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Book Review

Book Review: by Lang Reid

Thailand Business Essentials - the Banking Sector

The word “Banking” caught my eye as I strolled along the Bookazine shelves. Banking has never been one of my fortes, not having been blessed with anything to bank while younger, and the sock under the bed had served me well since then.
The world-wide collapse of the banking industry, and bailouts of banks by governments in 2008 had also left me with the distinct impression that the sock was indeed the way to go, until I found there was a hole in the toe, or my children had discovered my hiding place, which was known to no-one except 376 of my children’s playmates.
Thailand Business Essentials - the Banking Sector (ISBN 9-786-1190165-0-7, edited by Andrew Batt, Managing Editor of BusinessWeek Thailand), was released this year (2009) and contains examinations of the financial viability of the local banks, as well as interviews with key figures in the Thailand banking/financial industry and their predictions for the forthcoming 12 months. The cover promises essential analysis, information and insight for investors and global business professionals.
The predictions were what interested me most. Should I darn the sock, or was it safe to invest my dwindling baht in the vaults of some bank somewhere? Interestingly, Thailand has 14 commercial banks, whilst Indonesia has 125. No socks? Perhaps the Indonesians go barefoot?
There was universal agreement that the financial crisis of 2008/2009 is not, and will not, be as bad as the financial crash of 1997. However, the lessons that were learned from the ’97 fracas have helped the current bankers get through these tough times.
The unstable political situation has also relatively cocooned Thailand, as it has not been so exposed to debt/investment over the past three years. As Andrew Batt concludes in his introduction, “Thailand, and its banks in particular faces some tough times ahead. Whether you call it a crisis, slowdown, turmoil … the key fact is that Thailand is better able to emerge stronger and ready to move forward thanks to the lessons learned in 1997.”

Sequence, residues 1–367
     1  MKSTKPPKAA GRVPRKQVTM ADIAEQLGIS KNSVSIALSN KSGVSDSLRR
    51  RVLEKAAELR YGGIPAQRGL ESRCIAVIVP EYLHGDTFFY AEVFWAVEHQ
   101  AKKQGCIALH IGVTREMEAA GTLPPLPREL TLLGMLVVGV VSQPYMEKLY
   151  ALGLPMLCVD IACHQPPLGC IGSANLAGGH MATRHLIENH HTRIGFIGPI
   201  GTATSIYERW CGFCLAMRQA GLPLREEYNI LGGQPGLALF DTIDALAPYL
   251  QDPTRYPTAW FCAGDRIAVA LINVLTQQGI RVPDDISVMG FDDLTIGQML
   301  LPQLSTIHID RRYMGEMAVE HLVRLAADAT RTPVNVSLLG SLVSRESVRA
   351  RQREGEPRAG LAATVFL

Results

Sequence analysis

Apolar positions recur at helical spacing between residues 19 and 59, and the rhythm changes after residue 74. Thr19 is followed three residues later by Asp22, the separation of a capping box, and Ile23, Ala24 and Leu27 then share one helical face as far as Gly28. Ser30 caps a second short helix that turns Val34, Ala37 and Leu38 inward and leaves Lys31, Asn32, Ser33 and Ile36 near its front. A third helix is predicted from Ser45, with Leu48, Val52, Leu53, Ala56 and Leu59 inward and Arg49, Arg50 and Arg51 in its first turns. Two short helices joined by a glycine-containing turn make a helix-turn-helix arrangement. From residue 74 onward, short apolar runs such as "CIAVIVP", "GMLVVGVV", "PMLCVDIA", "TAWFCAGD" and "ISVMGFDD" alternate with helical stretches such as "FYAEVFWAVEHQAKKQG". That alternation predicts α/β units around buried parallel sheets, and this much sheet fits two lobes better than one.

There is even ‘free’ advice from Pavin Rodloytuk, the retail banking director of Citibank on what to do if you have two million baht to invest. The ‘good oil’ is 20 percent in equity, 50 percent in bonds and fixed income funds (which return much better than the deposit rate) and keep 30 percent in cash.
Since this is a reference book there are important resources and contact information at the back of the book covering Commercial Banks, Retail Banks, Foreign Banks, Specialized Institutions, Chambers of Commerce and a full index.
It is a slim volume at less than 100 pages, and at B. 500 is a fairly hefty impost, particularly as there is obvious sponsorship for the publication from the American Thai Chamber of Commerce (AmCham) and the British Chamber of Commerce Thailand (BCCT), plus Kasikorn Bank, Citibank, Kiatnakin Bank and Muang Thai Life Insurance Co.
For those involved in the financial industry, investors or entrepreneurs in any business, this book will have a value greater than the purchase price. But for me, private impecunious citizen, the sock still wins.